In California, we have been dealing with increasing drought over the years. Usually this creek runs with water falling from Nojoqui Falls in Santa Barbara County, but here it is dry. With the winter’s rainy season beginning, I want to return, perhaps after a storm, as this really is a lovely little creek when it’s moving along. Even dry, it’s nice.
One thing nice about a TLR is that it hangs around your neck at waist level. Tilt it up, tilt it down, and the world and perspective changes. With my old, creaky knees, it’s really a pleasure to be able to get closer to the ground without falling over!
Another tree, a shadow, and a curiosity to see how well the Yashica D’s Yashinon 80mm f3.5 lens could handle the distance. I think it did pretty good!
We were hiking up an ever-narrowing canyon. Light disappeared the further we went. Suddenly, there was this tree, bright against the shadows.
I have been taking my Yashica D TLR out a lot! Color and black and white film. I am finding it so much fun to use and I seem to be getting better pictures in medium format with this camera than with any of my others, all of which are vintage folders. Composing an image in the Yashica is a lot easier than with a small rangefinder view.
Besides using the Yashica D, I also did a roll of a new (to me) film: Ultrafine Extreme 400. For all 12 images in the roll, I applied the Sunny 16 rule, and nailed the exposures on all of them! As far as focus goes, I think my focus was good for most of them, but I think my scanning is a bit off as the film was rather curly even when I tried to flatten it. I am using an Epson V600 with Vuescan and Negative Lab Pro for this batch, but plan to use a digital camera and light table to scan some negatives as well.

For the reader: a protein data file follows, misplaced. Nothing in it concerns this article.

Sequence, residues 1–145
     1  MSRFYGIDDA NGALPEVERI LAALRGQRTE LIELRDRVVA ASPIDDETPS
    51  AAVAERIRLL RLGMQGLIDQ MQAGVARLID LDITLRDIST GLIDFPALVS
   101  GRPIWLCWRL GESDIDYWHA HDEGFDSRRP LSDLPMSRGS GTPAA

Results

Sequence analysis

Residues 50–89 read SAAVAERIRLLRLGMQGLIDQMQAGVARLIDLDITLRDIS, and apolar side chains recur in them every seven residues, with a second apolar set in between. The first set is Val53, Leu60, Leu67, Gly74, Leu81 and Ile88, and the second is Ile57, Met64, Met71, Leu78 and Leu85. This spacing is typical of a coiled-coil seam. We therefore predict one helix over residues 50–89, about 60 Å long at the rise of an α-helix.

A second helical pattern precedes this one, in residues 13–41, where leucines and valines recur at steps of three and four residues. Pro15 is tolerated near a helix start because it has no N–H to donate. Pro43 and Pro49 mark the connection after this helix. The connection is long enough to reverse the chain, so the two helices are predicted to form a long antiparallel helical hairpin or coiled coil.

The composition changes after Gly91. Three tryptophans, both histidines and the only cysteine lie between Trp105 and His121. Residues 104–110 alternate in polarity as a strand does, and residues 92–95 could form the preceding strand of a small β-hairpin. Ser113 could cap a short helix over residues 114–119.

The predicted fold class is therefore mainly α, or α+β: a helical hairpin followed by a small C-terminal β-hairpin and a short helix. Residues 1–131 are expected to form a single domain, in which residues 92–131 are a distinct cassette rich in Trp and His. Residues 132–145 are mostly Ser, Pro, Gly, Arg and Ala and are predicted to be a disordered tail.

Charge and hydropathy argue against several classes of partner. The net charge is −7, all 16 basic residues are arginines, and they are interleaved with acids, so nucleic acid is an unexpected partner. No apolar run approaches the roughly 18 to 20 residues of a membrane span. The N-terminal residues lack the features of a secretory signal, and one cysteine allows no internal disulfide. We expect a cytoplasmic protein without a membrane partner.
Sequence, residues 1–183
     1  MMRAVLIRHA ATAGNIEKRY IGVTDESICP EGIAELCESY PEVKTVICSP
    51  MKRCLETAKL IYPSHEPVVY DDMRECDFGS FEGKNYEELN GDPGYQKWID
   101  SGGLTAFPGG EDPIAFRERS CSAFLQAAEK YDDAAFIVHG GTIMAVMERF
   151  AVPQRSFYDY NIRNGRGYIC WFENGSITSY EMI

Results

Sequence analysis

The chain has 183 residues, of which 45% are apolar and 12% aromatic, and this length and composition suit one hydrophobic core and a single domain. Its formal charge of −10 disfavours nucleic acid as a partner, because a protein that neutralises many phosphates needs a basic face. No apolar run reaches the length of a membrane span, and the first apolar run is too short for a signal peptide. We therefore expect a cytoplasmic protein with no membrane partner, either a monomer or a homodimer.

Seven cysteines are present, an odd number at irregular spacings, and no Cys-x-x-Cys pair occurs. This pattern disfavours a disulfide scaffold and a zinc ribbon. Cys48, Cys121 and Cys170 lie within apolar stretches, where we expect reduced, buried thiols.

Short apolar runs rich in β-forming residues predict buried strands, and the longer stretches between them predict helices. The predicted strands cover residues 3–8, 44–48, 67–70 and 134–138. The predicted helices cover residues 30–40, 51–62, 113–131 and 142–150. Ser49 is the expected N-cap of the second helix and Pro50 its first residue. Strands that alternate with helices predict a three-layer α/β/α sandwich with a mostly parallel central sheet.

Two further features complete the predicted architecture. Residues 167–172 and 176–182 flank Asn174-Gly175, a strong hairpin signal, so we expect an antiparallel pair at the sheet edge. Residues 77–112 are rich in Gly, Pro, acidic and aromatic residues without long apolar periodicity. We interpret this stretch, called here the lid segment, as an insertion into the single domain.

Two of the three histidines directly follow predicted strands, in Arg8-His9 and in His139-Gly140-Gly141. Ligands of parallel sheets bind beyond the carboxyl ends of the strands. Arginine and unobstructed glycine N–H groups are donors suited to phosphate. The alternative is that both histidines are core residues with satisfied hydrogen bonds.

These trees were taken on a hill near my house in the late morning.
This summer I had my first really great crop of figs. This is one of the last, a few days before picking. We had some bird or rat problems – not sure which, maybe both. Rats are fair game to kill, but birds are our friends. However, birds are not really the best diners as they peck a little and take off, leaving behind damaged fruit. Netting helps. Hopefully the squirrels haven’t heard about the figs, or they don’t like them . . . No serpents thus far.
While we waited for our food to arrive at a restaurant, they kindly brought out bottles of water. The day was in the 90s (F) and we went through about 4 of them before the meal was over. This restaurant was one of the best Middle Eastern ones we have eaten at – food distinctly flavorful and unique and worth the wait for it to arrive.